(Ryder Mawby/Staff)



The fifth circle of hell in Dante’s “Inferno” is located on the river Styx, where the wrathful souls duel for all eternity on the surface of its ghoulish muck. Any given New Yorker would tell you that the Hudson River is just as terrifying — chock-full of brain-eating microorganisms, urban runoff and radioactive waste. Rumor has it that if you look close enough, you might be able to spot a legion of poor submerged souls, struggling to escape its murky depths.

Photo of water with a red translucent sheet tinting the water red

(Ryder Mawby/Staff)


At the time Dante’s “Inferno” was written, any belief contrary to the Roman Catholic Church’s doctrine would be considered “heresy.” What could possibly be more heretic than my friends and me? We offer an impressive assortment of heathens, committed to betterment in all aspects of life but salvation. Pictured below, we have Akira posing in front of the Grace Church on Broadway after a long night of crazed occult activity.

Photo of an individual in front of a church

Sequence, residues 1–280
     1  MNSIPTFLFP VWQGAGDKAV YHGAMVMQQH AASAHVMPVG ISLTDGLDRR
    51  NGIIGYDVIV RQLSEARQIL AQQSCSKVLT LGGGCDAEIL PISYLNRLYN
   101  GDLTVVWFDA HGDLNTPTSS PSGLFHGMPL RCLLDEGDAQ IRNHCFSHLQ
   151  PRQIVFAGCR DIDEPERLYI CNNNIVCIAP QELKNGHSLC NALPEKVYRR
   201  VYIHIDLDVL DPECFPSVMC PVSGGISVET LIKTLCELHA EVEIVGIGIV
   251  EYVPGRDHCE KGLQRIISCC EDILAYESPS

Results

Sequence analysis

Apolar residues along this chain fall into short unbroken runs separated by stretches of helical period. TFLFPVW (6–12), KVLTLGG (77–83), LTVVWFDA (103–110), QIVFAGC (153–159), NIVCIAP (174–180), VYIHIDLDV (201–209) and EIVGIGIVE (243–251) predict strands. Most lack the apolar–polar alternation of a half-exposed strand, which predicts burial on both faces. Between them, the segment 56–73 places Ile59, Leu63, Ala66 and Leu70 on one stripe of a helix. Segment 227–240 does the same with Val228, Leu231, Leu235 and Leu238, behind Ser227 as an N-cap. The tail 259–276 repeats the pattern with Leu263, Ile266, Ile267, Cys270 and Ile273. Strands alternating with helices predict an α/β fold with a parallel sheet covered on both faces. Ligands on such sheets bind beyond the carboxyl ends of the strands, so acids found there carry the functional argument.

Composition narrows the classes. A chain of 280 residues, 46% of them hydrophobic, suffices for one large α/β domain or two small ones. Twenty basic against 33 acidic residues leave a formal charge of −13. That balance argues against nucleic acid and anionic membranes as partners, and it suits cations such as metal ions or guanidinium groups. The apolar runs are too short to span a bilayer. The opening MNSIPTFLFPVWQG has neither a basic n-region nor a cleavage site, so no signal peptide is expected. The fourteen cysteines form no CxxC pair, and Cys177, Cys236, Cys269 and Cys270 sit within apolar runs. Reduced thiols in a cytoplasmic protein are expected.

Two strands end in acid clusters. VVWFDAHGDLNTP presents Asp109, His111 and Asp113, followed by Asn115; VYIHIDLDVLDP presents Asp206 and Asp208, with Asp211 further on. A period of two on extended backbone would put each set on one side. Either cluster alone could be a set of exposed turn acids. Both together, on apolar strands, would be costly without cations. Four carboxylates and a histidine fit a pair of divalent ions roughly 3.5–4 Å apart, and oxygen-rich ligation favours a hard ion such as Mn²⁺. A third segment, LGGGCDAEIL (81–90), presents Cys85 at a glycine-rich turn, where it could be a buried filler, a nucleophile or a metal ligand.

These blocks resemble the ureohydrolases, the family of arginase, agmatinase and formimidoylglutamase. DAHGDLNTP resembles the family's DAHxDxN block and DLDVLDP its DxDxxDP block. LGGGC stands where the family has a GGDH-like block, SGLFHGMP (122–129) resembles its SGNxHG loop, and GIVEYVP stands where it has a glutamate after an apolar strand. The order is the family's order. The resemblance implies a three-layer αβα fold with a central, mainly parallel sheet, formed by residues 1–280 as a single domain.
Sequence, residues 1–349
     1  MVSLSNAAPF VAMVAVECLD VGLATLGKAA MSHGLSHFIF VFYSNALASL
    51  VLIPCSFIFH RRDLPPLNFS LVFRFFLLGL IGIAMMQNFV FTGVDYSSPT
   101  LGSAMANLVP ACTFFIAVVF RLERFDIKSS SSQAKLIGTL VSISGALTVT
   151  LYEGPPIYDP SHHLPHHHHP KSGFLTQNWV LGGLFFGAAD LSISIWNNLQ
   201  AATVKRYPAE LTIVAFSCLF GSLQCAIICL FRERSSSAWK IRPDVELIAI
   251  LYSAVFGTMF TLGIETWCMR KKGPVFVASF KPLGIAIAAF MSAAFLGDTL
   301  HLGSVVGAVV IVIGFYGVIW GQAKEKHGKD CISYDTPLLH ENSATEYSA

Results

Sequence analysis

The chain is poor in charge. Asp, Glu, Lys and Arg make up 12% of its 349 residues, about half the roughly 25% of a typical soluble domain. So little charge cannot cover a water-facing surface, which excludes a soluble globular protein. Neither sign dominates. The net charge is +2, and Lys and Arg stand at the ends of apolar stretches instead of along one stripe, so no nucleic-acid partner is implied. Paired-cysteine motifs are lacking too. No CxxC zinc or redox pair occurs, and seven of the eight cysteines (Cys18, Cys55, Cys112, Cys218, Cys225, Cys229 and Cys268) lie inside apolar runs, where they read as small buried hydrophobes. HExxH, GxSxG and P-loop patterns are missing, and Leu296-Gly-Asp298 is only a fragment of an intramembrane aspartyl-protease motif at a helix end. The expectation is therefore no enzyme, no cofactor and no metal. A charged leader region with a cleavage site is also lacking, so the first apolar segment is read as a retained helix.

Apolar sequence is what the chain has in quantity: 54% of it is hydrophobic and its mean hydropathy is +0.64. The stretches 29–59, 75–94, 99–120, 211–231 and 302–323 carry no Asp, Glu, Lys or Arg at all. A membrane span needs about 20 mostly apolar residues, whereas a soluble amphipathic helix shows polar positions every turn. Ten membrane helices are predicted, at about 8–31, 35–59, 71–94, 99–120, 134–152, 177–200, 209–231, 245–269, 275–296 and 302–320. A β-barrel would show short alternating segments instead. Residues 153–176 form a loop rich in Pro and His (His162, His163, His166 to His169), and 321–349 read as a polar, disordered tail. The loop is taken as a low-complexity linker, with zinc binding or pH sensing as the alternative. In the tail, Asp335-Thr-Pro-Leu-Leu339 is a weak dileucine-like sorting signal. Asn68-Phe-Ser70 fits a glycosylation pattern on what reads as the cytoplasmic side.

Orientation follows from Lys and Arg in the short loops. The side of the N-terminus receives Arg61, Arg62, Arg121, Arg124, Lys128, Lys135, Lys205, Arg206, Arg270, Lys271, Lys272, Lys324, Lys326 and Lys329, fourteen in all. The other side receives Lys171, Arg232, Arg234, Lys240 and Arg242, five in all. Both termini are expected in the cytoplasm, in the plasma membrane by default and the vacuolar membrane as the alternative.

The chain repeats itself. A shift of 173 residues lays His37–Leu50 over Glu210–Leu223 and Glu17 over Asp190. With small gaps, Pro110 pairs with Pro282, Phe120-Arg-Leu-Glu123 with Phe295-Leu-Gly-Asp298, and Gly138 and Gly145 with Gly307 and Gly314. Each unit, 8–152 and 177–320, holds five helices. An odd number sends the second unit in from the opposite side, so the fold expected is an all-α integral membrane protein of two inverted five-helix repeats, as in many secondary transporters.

(Ryder Mawby/Staff)


The most common interpretation of violence would be something along the lines of murder, but Dante’s “Inferno” actually named three classifications of violence: violence against others (murder), violence against one’s self (suicide) and finally, violence against God and nature. At the lowest point of this circle, you’ll find the usurers, which at the time of Dante’s “Inferno” were those who perverted art for personal gain. If Dante was to witness the commodification that came about as a result of industrialization, he would likely classify factory owners as sinful usurers. The factories sitting at the bank of the Hudson, therefore, serve as the perfect representation of violence; for they have single-handedly converted the artist into the waged worker and their art into objectified product.

Photo of Hudson River

(Ryder Mawby/Staff)